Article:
How do I integrate oso into my app?¶
There are two main steps to adding oso.
First, you express authorization logic as declarative rules, written in Polar and stored in oso policy files.
Second, you install the oso library for your application language/framework, and add the
is_allowed checks to wherever it is most suitable for your use case. For example, it is common to have checks at the API layer – for example checking the HTTP request, and the path supplied – as well as checks on the data access, e.g. when your application is retrieving data from the database.
For more detailed discussion on where to integrate oso in your application depending on your requirements, please visit our guide, Add To Your Application.
What data does oso store?¶
When you load policy files into oso, oso stores in memory the rules defined in the policy. In addition, oso stores any registered classes on the oso instance.
In the course of executing a query, oso caches any instances of classes/objects that it sees, but it clears these when the query finishes.
oso does not, for example, store any data about the users, what groups they are in, or what permissions have been assigned to them. The expectation is that this data lives in your application, and that oso accesses it as needed when evaluating queries.
Because of this, it is rare to need to change policies while the application is running. For example, if you need to revoke a user’s access because they leave the company or change roles, then updating the application data will immediately flow through to policy decisions and achieve the desired outcome.
Changes to policy should be seen as the same as making source code changes, and can be implemented through existing deployment processes.
Can I query oso arbitrarily?¶
Absolutely, you can!
allow as convention to make it easy to get started with oso. However, all oso libraries additionally expose a
query_rule method, which enables you to query any rule you want.
Beyond this, you can even query using inputs that are not yet set by passing in variables. However, this is currently an experimental feature, and full documentation is coming soon.
How does oso access my application data?¶
When a policy contains an attribute or method lookup, e.g.,
actor.email, the policy evaluation pauses and oso returns control to the application. It creates an event to say “please lookup the field
instance with id 123”. (The oso library stores a lookup from instance IDs to the concrete application instance.)
What happens next depends on the specific language, but it will use some form of dynamic lookup – e.g., a simple
getattr in Python, or reflection in Java.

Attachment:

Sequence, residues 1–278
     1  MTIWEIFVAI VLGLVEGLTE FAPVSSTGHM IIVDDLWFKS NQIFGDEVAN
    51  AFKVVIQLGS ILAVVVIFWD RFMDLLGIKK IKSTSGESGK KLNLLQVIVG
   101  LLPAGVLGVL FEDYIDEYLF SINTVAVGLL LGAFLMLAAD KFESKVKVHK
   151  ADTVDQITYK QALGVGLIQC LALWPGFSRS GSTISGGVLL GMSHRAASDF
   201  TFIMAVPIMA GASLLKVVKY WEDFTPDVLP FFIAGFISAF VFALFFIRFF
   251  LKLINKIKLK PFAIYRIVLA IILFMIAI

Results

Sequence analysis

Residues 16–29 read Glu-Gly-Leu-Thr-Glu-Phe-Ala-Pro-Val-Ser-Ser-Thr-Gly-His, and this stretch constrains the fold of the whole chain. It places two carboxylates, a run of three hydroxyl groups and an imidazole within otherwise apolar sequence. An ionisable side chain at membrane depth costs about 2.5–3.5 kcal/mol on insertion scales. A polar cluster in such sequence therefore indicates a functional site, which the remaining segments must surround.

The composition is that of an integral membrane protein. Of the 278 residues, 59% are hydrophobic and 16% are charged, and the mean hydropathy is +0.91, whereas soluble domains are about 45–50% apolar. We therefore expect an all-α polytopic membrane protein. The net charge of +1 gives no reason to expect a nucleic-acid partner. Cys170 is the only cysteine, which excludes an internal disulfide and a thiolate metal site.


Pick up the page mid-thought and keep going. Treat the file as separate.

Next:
The application returns the result to the policy engine, and execution continues.
What is the best practice for managing policy files in a way that’s maintainable in the long-run?¶
This is a common question from those who have used policy languages or rules engines before. Corollary questions may be:
Can I have multiple policy files?
How do I stop policy files from getting out of control?
The answer, of course, varies by use case, but we suggest the following rules of thumb:
Yes, you can and should have multiple policy files. All rules loaded into oso live in the same namespace; you can reference rules in other policy files without importing.
We encourage you to think of your policy files the same way you think about source code. You should refactor large rules into smaller rules, where each rule captures a self-contained piece of logic.
You can organize source files according to the components they refer to.
What are the performance characteristics of oso?¶
oso is designed to be lightweight and to have a limited performance footprint. The core library is written in Rust, and is driven directly by your application. There are no background threads, no garbage collection, no IO to wait on. Each instruction takes about 1-2 us, and typical queries take approximately 1-20 ms.
For a more detailed discussion of the performance characteristics of oso, please the performance page.
Use cases, i.e., When should I use oso, and when should I use something else?¶
The foundation of oso is designed to support a wide variety of use cases, though given oso’s focus on application integration there are some use cases that are currently a more natural fit than others. For a more detailed discussion of this topic, please see our use cases page.
What languages and frameworks do you support?¶
We currently support Python, Ruby and Java, and are actively working on supporting more languages. We are also in the process of writing documentation for native framework support.
Vote & track your favorite language and framework integrations at our Github repository, and sign up for our newsletter in the footer anywhere on our docs if you’d like to stay up to speed on the latest product updates.
What operating systems do you support?¶
We currently support Linux and Mac OS X. We have initial Windows support, and expect publish a release for Windows soon.
Sign up for our newsletter in the footer anywhere on our docs if you’d like to stay up to speed on the latest product updates.
What license does oso use?¶
oso is licensed under the Apache 2.0 license.
How does pricing work?¶
oso is freely available as an open source product and will always be free and open source.
We are also working on an enterprise product that extends the open source core with additional features. If you are interested in support for oso or enterprise features, please contact us.
Who builds and maintains oso?¶
oso is built by oso! We are headquartered in New York City with engineers across 3 time zones, and we are hard at work on new features and improvements. If you have feedback or ideas about how we can make the product better, we would be delighted to hear from you. Please feel free to reach out to us at email@example.com.